Nobody said anything while Ewbanks spoke; they just listened.  He went right down the line, made it sound like they were all a bunch of guys nobody wanted to have.  Weeb continued.  “Marchetti:  (Gino Marchetti) They said you weren’t going to get any better, but you did.  See if you can show up today. Berry:  (Raymond Berry) You aren’t fast.  One of your legs is shorter than the other and your back is bad,” said Weeb.

Weeb Ewbanks closed his pre-game speech after chewing everyone out by saying, “Remember this:  If you want to do anything, you got to do it inNew York.”  There was really nothing else to be said. “That was some speech,” said Gino Marchetti.  “It worked like charm.”

On December 28, 1958, everything changed for professional football as 45 million people watched the first televised NFL Championship game.  For the first time ever the game had to be decided in “sudden death” overtime.  The Baltimore Colts outscored the New York Giants, 23-17.



Andy Purvis


Deer Hunting

Deer Hunting

This week marks the 20th anniversary of the death of Mickey Mantle (8/13/1995). Growing up during the fifties on the East coast, Mantle became mine and many other young boys’ favorite player. At the age of 13, I got to see him play in the old Yankee Stadium and then met him on two other occasions where I received his autograph and spent some time with him. Every young boy needs a hero to hang their picture above his bed. Once your hero gets into your heart, they never get out.
There are many stories told about Mickey Mantle and his teammates, but one of my favorite Mantle stories includes one of his best friends and teammates, Billy Martin. In fact, Mantle named one of his sons after Billy. Anyway, these two were as different as night and day, except when it came to drinking and having fun. Mickey, of course, grew up in a country setting in Oklahoma, while Billy grew up a city boy, born in Berkeley, California. Billy had never been deer hunting and Mickey decided to take Billy to a friend’s ranch in South Texas, near San Antonio. As they arrived, Mickey told Billy to just stay in the car while he went to the door to let his friend know that they had arrived to hunt. Mantle’s friend welcomed him and told him sure they could hunt but he wanted Mickey to do him a big favor. The rancher had an old mule that was in his last days and he wanted him put down and did not have the heart to do the deed. That if Mickey would kill the old mule for him, the rancher would have the vet come out in the morning and dispose of the mule and Mickey would have his many thanks. Mickey agreed. It was here that the trouble started. On the way back to the car to get his gun, Mickey decided to play a joke on Martin. Mantle wore a mad look on his face and when he got to the car, he went immediately to the trunk and opened it while muttering under his breath. Mantle took out his gun while Billy questioned what was going on. Mantle said, “We’ve come all the way and that old Son-of-a-gun will not let us hunt on his land, so I’m going to shoot his mule.” With that, Mickey loaded his gun, went over to the barn, pointed and killed the mule with one shot. No sooner had the smoke cleared; Mantle heard gunfire from behind him and when he turned to see what was happening, Billy had his gun out, loaded, and was shooting the rancher’s cows and chickens. Anyone who knew the feisty Billy Martin would understand this story. I wonder what it cost them to get out of that mess.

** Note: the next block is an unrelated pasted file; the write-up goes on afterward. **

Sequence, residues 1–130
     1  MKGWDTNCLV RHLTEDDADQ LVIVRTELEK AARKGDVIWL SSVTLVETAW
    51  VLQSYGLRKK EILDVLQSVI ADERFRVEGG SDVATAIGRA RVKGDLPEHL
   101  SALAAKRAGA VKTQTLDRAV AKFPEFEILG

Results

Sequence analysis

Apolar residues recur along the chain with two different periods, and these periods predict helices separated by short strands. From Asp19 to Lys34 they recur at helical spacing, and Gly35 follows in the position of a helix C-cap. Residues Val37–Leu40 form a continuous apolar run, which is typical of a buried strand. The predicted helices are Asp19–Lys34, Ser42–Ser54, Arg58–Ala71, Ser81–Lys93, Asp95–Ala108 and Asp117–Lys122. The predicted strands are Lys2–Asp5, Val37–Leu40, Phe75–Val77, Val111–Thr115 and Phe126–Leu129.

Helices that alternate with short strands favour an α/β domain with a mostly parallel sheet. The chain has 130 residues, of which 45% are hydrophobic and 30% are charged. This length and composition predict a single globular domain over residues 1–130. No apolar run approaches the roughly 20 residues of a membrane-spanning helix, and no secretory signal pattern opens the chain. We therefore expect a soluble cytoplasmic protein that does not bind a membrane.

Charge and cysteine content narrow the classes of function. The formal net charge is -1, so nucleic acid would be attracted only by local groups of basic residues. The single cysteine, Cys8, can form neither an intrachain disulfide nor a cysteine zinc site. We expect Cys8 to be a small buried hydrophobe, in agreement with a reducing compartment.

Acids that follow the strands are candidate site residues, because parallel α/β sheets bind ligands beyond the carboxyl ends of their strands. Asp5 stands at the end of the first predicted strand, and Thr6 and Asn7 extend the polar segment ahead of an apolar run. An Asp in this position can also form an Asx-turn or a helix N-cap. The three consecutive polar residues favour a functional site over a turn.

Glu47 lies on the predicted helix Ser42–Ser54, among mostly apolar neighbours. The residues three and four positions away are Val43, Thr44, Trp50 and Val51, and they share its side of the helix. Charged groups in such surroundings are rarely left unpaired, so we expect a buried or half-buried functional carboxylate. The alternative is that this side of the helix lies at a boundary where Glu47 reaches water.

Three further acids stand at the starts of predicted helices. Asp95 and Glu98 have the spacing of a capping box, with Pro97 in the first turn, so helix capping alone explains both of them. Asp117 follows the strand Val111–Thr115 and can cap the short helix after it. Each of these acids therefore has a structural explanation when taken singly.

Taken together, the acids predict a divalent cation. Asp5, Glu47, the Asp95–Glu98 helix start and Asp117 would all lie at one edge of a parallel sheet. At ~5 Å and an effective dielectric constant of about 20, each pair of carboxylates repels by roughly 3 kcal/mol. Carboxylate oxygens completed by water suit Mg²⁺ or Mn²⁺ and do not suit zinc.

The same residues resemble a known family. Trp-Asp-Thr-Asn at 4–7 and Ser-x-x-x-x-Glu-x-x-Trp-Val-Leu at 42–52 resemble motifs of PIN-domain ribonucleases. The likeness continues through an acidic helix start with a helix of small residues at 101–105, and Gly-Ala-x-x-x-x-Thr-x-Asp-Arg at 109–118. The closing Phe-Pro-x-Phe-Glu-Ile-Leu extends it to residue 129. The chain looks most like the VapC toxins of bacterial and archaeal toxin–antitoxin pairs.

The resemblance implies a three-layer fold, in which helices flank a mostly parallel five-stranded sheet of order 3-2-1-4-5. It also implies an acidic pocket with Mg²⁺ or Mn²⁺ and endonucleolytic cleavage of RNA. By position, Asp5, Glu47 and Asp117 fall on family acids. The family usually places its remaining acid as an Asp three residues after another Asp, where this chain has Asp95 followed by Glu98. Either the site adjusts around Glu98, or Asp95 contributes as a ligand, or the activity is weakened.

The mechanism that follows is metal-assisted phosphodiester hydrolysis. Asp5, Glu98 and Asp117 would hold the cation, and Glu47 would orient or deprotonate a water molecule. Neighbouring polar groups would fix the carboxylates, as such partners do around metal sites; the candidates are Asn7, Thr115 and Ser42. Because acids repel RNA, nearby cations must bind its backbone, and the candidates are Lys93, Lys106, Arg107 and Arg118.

Andy Purvis



By 1967, Mickey Mantle was the only reason left to go to a Yankee game. He had fulfilled his promise to his wife, Merlyn, and hit his 500th home run on Mother’s Day. After the game, Mantle took the time to thank the Yankees winning pitcher that day, Dooly Womack, for allowing him a chance to celebrate. By now, Mantle had also conceded to himself and his close friends that he would never be able to catch Willie Mays statistically.